AMRITSAR: In its bid to boost the ‘secular’ poll campaign, Punjab government has roped in three keshdhari Sikhs ( who do not trim their hair or beard), working as professors at Guru Nanak Dev University in Amritsar to design the Rs 115-crore Valmiki temple in Amritsar.
The professors — Karamjit Singh Chahal, Sarabjot Singh Behl, and Rawal Singh Aulakh — work in the department of architecture in the Amritsar university.
Desperate to strengthen its political fortunes ahead of the Lok Sabha polls, the Akali Dal-BJP government in the state has embarked on this move to construct the temple to woo the 22-lakh-strong Valmiki community, which makes for 40% of the scheduled caste (SC) population in Punjab. The Punjab government, on Friday, held a mega stone laying ceremony in Amritsar, that was attended by several renowned people including spiritual guru Sri Sri Ravi Shankar, yoga guru Baba Ramdev among others.
Even though the trio dismiss the temple construction as a poll plank, they have been particular in attempting a design that is different from both a regular gurudwara and a temple.
“We have not used the dome structure of gurudwara. We have also ruled out the concept of a shikhar (the usual square or pyramid-top structures) which most of temples have. Here the top of the temple is conical in nature. But it’s a privilege for us that we have designed the architecture of such an important shrine for the Valmiki communty,” Prof Chahal told TOI.
The design was finalised over eight meetings held over six months with the chief minister, he added. The new temple would be, in addition, to the existing hut that marks the site where Sita gave birth to her two sons Lava and Kush and also still extant are Valmiki’s hut.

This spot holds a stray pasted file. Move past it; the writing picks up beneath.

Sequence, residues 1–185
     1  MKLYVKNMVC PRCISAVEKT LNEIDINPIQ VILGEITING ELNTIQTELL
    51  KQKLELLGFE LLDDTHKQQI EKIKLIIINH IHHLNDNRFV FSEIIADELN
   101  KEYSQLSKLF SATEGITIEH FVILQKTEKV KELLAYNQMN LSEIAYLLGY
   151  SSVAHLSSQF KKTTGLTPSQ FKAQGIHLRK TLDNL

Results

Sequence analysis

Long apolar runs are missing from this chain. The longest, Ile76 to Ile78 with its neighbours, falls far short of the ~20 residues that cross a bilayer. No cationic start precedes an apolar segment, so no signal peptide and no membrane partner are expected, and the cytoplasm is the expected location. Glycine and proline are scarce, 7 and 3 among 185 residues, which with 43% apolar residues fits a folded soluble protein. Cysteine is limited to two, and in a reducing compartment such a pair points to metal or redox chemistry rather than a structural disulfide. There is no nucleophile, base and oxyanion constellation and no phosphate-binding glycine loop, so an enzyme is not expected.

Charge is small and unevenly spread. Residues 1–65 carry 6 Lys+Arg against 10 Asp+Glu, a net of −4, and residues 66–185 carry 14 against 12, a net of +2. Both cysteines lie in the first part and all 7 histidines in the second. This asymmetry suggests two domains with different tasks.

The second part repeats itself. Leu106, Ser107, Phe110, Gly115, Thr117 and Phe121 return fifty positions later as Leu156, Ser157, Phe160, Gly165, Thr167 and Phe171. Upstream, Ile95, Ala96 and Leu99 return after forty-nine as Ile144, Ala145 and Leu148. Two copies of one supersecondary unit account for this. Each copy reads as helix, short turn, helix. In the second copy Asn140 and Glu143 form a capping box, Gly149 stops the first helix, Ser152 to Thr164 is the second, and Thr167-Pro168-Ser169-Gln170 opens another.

The chief minister’s idea to “secularise” Amritsar’s voting population may not be misplaced as a section of historians in Punjab believe that Sikhs, with Bedi as their surname trace their descent from Kush and those with from Lava.
With its height and area double the size of the Golden Temple in Amritsar, the highest temporal seat of Sikhs, situated just about 11km away, it is likely to emerge as the new destination for Hindu devotees.
The Golden Temple is approximately 42 feet in height and 48 feet wide. The main design of the Valmiki temple has been conceived as a central sanctum sanctorum hall with dimension of 84feetx84feetX84feet.
There is a five-tiered shikhar with a kalasha atop over the central shall comprises with two spiral staircases on each side bisecting first floor cantilevered gallery, Chahal said.
The material for temple is largely Jaisalmer stone known to have been used in monuments, sculptures in Gujarat and Rajasthan.
The central hall will be flanked by four porticos. Of them, two porticos are approached by two bridges (causeways) to allow devotees to walk to the hall. These two bridges are 60 and 100 feet respectively. The width of either bridge is the same: 29 feet and 8 inches.
The temple would later be expanded into an 11-acre site which will also have a sangat hall, with capacity of 5,000 people, a museum and panorama to highlight the life and history of Valmiki.
Originally Published by Rohan Dua of TOI